Summer is finally here, and Mother Nature is calling you outside. Long walks in nature, trips to the local forest preserve, and destination hikes are all enticing options, but danger could be lurking in that low-lying shrub or bush featuring clusters of three glossy leaves.

Poison ivy contains an oily resin called urushiol that causes an allergic reaction in about 80 to 90 percent of people. Urushiol is extremely potent: Just 50 micrograms, less than a grain of salt, is enough to cause an itchy, blistery rash that usually has a streaky or patchy appearance. The rash appears a day or two after exposure to the oil.

The exception is your very first exposure, which rarely causes a reaction. It primes the immune system to respond to subsequent urushiol exposures in a way that’s similar to how a vaccine trains your body to attack a certain virus.

Know what to avoid

Start with the simple adage, “Leaves of three, let it be.” Poison ivy always has a trio of three pointed leaves that may be smooth-edged or jagged, shiny or dull. They start out red in the spring and turn yellow, red, or orange in the fall. White berries or greenish-white flowers may be present. The roots of the plant often climb trees and look like thick, hairy vines. Every part of the poison ivy plant, from the leaves to the roots, contains urushiol, even when dead.

If you’re not sure whether you’ll be near the toxic plant, wear long sleeves and pants, taking care to tuck them into your socks. When gardening or doing yard work, wear heavy-duty gloves and wash them, your clothes, and your tools afterward. Dogs and cats aren’t allergic to poison ivy, but the resin can live on their fur, so if you think that the two of you have been exposed, give your pet a bath, wearing rubber gloves to protect yourself.


If you do brush against the plant, wash up as quickly as possible. Getting the oil off your skin as soon as you’ve been exposed can prevent the rash from ever developing. You can use regular soap and water, but a recent article published in the Journal of the American Academy of Dermatology reported that dishwashing soap may be a smarter choice, thanks to its ability to break down oil.

Use a washcloth and forcefully rub any affected areas in one direction only, rather than back and forth, using hot water. Rubbing alcohol can also work. Consider carrying alcohol wipes with you on walks.


If you don’t get the oil off quickly enough to prevent the rash, you’re looking at about a week or two of itching. For mild cases, do-it-yourself treatments like soothing oatmeal baths and cool, wet compresses applied to affected areas three to four times a day for 20 minutes may be enough to ease the itch. Over-the-counter topical treatments such as hydrocortisone cream or calamine lotion may help, as can non-sedating oral antihistamines such as loratadine (Claritin) fexofenadine (Allegra), or cetirizine (Zyrtec) during the day or diphenhydramine (Benadryl) at bedtime. More severe cases and rashes around the eyes may require a course of prescription oral steroids, sometimes lasting for up to three weeks. Your primary care physician or dermatologist can prescribe these. Some doctors may be tempted to prescribe a quick five-day course of oral steroids, but poison ivy cases have been known to rebound with too short of a course.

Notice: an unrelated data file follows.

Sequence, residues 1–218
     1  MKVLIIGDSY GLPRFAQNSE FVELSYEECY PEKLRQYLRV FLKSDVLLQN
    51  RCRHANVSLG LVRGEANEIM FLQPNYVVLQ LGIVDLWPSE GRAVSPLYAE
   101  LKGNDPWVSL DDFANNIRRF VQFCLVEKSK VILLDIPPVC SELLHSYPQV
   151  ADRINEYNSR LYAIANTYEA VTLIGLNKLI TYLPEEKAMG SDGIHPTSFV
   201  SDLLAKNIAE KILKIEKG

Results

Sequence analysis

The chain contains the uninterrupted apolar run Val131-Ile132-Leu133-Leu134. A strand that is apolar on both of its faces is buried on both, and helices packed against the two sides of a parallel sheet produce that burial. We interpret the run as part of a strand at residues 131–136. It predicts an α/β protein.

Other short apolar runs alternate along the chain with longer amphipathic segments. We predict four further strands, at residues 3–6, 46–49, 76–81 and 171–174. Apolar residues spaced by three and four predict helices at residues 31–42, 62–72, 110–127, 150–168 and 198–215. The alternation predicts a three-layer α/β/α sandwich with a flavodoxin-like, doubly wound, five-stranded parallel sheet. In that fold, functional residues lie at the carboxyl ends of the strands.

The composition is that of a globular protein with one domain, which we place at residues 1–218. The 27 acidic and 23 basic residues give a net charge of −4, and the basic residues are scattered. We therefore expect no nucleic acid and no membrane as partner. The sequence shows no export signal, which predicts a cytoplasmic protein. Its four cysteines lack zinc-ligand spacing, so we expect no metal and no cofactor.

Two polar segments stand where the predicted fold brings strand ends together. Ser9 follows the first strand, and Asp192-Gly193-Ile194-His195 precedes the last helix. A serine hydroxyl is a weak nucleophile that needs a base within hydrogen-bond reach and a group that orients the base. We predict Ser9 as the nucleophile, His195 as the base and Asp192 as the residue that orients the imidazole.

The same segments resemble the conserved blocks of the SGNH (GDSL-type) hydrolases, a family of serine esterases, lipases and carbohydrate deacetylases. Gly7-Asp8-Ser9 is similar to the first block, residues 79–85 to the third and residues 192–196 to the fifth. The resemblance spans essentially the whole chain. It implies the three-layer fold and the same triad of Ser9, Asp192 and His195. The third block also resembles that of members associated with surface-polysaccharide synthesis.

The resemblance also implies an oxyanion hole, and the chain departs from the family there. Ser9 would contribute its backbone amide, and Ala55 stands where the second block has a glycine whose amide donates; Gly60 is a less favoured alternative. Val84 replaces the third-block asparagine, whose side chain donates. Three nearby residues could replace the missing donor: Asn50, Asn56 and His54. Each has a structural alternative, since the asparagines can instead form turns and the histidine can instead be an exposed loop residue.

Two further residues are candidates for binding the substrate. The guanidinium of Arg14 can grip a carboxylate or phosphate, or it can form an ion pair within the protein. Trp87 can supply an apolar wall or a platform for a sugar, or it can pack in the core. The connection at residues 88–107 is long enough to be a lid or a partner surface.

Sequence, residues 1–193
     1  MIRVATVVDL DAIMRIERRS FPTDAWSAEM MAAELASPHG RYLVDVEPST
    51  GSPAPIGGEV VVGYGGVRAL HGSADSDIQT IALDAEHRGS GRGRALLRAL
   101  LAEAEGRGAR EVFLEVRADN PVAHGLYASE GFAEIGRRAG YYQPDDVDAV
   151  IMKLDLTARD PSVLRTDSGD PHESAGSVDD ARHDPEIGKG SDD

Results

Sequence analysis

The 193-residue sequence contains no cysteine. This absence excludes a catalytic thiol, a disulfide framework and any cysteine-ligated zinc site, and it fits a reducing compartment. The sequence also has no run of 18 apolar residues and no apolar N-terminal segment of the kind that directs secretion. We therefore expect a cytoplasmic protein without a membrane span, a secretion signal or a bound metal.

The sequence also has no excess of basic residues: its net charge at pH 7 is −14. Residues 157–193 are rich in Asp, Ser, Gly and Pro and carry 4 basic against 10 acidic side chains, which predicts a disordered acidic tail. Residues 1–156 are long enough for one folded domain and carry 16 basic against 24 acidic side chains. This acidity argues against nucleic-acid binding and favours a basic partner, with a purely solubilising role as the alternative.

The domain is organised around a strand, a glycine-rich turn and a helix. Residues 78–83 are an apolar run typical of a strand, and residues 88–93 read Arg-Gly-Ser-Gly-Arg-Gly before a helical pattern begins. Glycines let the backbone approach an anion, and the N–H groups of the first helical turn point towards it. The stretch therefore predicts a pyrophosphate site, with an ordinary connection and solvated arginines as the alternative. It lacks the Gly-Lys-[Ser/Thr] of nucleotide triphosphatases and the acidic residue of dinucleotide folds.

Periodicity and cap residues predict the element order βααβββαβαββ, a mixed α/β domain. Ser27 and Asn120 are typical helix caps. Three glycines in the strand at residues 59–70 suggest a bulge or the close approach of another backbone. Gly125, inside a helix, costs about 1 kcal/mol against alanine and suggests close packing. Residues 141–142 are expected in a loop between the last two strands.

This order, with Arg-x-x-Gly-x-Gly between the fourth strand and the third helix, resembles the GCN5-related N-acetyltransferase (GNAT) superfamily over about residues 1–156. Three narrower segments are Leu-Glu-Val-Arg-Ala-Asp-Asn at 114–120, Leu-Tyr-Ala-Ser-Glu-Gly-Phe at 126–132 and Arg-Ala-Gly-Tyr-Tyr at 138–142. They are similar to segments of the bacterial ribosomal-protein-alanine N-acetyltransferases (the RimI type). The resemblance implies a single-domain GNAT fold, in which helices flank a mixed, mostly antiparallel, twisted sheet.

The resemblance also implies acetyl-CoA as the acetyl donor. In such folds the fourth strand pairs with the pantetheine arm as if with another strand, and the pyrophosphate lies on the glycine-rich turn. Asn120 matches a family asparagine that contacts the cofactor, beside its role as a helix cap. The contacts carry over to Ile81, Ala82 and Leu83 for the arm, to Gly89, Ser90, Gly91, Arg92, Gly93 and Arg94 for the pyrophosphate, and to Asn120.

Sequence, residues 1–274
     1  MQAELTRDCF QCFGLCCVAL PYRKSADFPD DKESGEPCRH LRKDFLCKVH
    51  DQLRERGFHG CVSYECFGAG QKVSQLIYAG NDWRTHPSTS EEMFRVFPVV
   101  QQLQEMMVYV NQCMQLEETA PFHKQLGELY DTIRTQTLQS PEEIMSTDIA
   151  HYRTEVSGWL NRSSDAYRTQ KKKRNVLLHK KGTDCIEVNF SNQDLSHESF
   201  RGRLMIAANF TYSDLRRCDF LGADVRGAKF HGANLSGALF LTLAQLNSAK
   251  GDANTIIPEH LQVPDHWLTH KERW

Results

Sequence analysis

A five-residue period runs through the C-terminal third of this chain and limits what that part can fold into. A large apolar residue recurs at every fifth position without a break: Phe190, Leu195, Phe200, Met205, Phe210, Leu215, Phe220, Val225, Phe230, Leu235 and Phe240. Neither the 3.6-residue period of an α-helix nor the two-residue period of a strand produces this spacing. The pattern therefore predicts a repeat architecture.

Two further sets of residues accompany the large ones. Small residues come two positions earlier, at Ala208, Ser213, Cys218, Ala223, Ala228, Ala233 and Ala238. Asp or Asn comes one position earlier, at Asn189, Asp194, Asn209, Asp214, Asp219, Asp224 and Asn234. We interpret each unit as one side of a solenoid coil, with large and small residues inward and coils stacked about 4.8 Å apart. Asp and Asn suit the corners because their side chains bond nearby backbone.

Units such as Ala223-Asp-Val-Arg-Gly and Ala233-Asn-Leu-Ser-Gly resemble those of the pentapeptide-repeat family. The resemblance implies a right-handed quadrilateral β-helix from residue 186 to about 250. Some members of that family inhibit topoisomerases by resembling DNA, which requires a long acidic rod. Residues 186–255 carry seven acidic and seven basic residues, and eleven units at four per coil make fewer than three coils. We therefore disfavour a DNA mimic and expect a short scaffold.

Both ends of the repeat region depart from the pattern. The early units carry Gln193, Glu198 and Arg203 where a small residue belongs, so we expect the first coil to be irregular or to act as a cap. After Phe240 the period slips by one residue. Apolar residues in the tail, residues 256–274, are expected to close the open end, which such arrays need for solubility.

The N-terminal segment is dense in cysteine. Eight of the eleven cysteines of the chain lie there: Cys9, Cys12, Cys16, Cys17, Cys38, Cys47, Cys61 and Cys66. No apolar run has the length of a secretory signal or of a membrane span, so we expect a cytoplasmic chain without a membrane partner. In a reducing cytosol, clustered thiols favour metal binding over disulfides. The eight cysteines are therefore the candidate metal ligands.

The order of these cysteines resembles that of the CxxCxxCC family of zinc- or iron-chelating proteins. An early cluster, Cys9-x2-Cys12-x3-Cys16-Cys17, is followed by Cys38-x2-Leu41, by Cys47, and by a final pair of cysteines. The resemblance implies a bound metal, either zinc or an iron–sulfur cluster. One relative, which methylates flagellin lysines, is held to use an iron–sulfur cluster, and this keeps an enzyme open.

Resist the itch

Some scratching is inevitable, but do your best to avoid it as much as you can, especially if you have blisters. While the poison ivy rash is not contagious (see sidebar), bacteria on your hands could cause an infection called impetigo that is. Impetigo shows up as itchy red sores that break open, releasing a thick yellow fluid that forms a honey-colored crust. If you notice this happening, see your doctor, as you may need a topical or oral antibiotic.

If you can’t control the scratching and a blister does break open, keep the area clean and apply an ointment like petroleum jelly to protect the skin. Do not apply an over-the-counter antibiotic ointment, which itself can cause contact dermatitis.

Poison oak and poison sumac

Urushiol is also found in poison oak and sumac. The leaves-of-three adage doesn’t work with these plants. Poison oak’s hairy leaves can also be in groups of five or seven, while poison sumac leaves grow in clusters of seven to 13 leaves. Urushiol is in cashew shells and mangoes, too. In fact, previous exposure to poison ivy can predispose a person to developing an allergic reaction called mango dermatitis, characterized by tingling, redness, and itching in and around the mouth.

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